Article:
One AI service you aren’t offering clients is facial recognition. You’ve limited yourselves instead to letting clients detect but not recognise faces, with an exception made for those of celebrities. Microsoft and Amazon, by contrast, allow users to build more general facial recognition capabilities into their tools. Why is your approach different?
In general, within Google, we understood how important it is that artificial intelligence is applied responsibly. And so, our chief executive Sundar Pichai commissioned a set of a principles that we operate with. They include the fact that we should never be doing harm, and that we should be making sure that the decisions of the systems are unbiased, fair and accountable. As a result of this it does mean that we are very careful. And it does sometimes come across that we are reluctant to just release something and hope that it works because we subject everything to a battery of tests to make sure they are working in a way that’s desirable.
Switching tack. Before you took on this role you did AI work for the US Department of Defense. And you joined soon after Google pulled out of a tie-up with the Pentagon to label drone footage – a decision you expressed concerns about. Do you think Google’s decision to drop Project Maven was wrong?
That was before my time. So I’m not going to comment on that specific decision.
I will say that one of my roles is to serve on the United States Artificial Intelligence Congressional Commission on AI for national security. And myself, and many other folks throughout the industries understand that we technology providers do have an obligation to help protect countries and societies, as well as producing consumer products as well.
A couple of weeks ago, our chief legal counsel, Kent Walker, made some comments about Google’s great desire to help out in aspects of national security which will make people safer.
But Google Cloud is ruling out work on weapon systems?
Google’s AI principles say that they’re not going to be working on offensive weapons systems.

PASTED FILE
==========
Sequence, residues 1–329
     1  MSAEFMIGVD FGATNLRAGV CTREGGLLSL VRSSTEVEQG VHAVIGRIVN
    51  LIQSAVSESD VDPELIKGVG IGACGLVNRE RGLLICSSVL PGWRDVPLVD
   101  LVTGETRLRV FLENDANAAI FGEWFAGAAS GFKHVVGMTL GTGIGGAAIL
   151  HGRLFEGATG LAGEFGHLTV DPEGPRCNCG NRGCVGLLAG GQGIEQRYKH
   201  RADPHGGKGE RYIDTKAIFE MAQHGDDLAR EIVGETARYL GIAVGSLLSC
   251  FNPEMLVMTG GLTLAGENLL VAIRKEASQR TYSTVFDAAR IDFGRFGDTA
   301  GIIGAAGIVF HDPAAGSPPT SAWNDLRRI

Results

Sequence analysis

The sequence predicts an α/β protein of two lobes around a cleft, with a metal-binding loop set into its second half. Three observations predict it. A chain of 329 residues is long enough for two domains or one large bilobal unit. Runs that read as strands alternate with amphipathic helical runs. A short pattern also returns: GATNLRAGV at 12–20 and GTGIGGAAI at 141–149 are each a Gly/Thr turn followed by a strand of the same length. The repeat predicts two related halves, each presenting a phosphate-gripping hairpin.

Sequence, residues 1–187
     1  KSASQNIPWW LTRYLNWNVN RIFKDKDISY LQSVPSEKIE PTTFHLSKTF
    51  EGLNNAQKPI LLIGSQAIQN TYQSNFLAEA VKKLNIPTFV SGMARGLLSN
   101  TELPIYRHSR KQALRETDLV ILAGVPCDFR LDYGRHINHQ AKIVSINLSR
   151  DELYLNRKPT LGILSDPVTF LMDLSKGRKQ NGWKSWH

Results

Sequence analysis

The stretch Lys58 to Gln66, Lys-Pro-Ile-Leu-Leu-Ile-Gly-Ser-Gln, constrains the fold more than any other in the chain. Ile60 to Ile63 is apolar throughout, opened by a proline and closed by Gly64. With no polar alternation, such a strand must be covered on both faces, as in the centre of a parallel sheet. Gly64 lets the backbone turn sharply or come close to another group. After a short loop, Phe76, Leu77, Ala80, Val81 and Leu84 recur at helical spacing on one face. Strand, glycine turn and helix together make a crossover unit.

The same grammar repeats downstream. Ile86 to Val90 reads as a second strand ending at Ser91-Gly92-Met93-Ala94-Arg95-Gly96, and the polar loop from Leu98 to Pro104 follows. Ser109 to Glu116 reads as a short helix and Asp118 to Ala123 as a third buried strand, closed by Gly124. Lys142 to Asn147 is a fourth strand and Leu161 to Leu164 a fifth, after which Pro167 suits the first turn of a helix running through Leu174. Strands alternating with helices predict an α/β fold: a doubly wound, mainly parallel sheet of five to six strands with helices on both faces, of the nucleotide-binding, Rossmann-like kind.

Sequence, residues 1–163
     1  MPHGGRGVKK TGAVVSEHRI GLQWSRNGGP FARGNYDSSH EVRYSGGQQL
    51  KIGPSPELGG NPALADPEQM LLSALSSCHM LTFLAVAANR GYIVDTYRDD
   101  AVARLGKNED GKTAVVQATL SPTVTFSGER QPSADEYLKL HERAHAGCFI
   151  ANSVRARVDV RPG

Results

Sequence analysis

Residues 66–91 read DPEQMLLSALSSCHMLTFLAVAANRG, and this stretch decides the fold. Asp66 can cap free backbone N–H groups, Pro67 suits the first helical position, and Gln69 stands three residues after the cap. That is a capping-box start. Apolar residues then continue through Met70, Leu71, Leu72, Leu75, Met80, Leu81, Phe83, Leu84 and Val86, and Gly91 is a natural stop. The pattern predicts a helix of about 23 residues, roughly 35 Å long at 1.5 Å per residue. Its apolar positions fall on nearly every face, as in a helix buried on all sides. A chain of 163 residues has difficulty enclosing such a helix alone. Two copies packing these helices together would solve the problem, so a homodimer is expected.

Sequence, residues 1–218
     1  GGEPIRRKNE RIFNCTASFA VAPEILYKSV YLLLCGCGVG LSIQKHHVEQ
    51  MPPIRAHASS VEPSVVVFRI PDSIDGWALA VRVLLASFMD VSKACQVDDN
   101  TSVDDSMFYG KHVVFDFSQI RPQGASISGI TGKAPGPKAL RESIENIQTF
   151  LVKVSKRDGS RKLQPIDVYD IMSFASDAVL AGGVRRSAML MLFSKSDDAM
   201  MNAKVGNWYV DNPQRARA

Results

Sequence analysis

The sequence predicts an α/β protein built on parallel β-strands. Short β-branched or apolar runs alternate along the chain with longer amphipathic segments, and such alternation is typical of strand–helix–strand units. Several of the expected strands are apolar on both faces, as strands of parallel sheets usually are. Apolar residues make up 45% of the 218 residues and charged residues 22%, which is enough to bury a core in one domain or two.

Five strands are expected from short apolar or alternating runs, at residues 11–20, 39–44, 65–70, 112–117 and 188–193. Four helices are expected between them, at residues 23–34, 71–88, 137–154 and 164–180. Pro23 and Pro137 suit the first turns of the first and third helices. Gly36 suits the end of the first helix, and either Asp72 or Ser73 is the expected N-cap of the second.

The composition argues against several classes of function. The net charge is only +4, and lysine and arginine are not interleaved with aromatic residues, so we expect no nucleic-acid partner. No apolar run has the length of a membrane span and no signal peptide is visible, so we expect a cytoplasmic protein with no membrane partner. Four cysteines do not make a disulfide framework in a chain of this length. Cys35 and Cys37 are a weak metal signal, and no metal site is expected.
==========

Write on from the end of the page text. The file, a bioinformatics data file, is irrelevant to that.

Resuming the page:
So do you think that Google should be pursuing military or other national security contracts in the future?
I don’t want to talk about any specific contracts. But for example, Google is actively helping out with a question of “deepfake” detection, which is this new fear that artificially constructed videos or images might become so realistic that they actually cause societal problems. And so we’re partnering with a major government agency in the United States to help deal with that potential.
The decision to abandon Project Maven followed internal opposition to the effort from many Google employees. Do you agree with the view of others, including Microsoft president Brad Smith, that while it’s worth listening to workers’ concerns you also sometimes need to push back against employee activism?
One of the things I love about Google, and why I chose to return to Google to work is that it is full of lots of creative voices. And pretty much everything we do, including the design of the shape of buttons on a front-end system, we end up having massive internal arguments about. Eventually you do have to make a decision one way or the other. The idea of doing top-down management is completely out of Google’s culture. But knowing that people are going to disagree and having leadership commit is also something that we are very clear that we do do.